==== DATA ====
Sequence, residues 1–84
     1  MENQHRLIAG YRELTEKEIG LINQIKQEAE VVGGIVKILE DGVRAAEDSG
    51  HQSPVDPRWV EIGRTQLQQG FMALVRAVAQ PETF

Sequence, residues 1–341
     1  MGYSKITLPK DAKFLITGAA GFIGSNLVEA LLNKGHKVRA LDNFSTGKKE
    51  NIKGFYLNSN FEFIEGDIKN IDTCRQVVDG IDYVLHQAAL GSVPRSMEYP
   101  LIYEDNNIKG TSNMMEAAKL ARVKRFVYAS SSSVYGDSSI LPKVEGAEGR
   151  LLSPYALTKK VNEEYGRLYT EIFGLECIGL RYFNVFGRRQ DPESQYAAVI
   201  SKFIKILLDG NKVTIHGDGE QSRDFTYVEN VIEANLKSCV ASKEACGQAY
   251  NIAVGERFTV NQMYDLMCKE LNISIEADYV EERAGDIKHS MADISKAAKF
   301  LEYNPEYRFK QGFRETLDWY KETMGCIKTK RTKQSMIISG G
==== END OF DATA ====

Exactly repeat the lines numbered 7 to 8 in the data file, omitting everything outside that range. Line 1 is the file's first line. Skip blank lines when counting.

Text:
   101  LIYEDNNIKG TSNMMEAAKL ARVKRFVYAS SSSVYGDSSI LPKVEGAEGR
   151  LLSPYALTKK VNEEYGRLYT EIFGLECIGL RYFNVFGRRQ DPESQYAAVI